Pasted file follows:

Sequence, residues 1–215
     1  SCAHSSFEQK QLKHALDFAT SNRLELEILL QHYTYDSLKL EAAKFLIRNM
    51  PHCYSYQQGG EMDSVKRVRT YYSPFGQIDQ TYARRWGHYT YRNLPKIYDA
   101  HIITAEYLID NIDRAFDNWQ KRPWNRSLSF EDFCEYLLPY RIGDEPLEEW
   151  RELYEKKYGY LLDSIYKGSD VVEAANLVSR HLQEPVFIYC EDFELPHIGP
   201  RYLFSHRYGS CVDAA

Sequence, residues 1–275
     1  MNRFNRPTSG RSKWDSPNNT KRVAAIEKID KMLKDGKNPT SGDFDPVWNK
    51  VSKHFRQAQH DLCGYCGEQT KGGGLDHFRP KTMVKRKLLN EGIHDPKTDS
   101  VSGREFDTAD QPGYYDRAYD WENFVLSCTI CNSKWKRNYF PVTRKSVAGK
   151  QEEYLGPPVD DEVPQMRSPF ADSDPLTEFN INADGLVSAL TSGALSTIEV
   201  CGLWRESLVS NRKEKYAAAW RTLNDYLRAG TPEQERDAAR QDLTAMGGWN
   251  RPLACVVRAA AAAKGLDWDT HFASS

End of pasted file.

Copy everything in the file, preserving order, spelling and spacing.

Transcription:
Sequence, residues 1–215
     1  SCAHSSFEQK QLKHALDFAT SNRLELEILL QHYTYDSLKL EAAKFLIRNM
    51  PHCYSYQQGG EMDSVKRVRT YYSPFGQIDQ TYARRWGHYT YRNLPKIYDA
   101  HIITAEYLID NIDRAFDNWQ KRPWNRSLSF EDFCEYLLPY RIGDEPLEEW
   151  RELYEKKYGY LLDSIYKGSD VVEAANLVSR HLQEPVFIYC EDFELPHIGP
   201  RYLFSHRYGS CVDAA

Sequence, residues 1–275
     1  MNRFNRPTSG RSKWDSPNNT KRVAAIEKID KMLKDGKNPT SGDFDPVWNK
    51  VSKHFRQAQH DLCGYCGEQT KGGGLDHFRP KTMVKRKLLN EGIHDPKTDS
   101  VSGREFDTAD QPGYYDRAYD WENFVLSCTI CNSKWKRNYF PVTRKSVAGK
   151  QEEYLGPPVD DEVPQMRSPF ADSDPLTEFN INADGLVSAL TSGALSTIEV
   201  CGLWRESLVS NRKEKYAAAW RTLNDYLRAG TPEQERDAAR QDLTAMGGWN
   251  RPLACVVRAA AAAKGLDWDT HFASS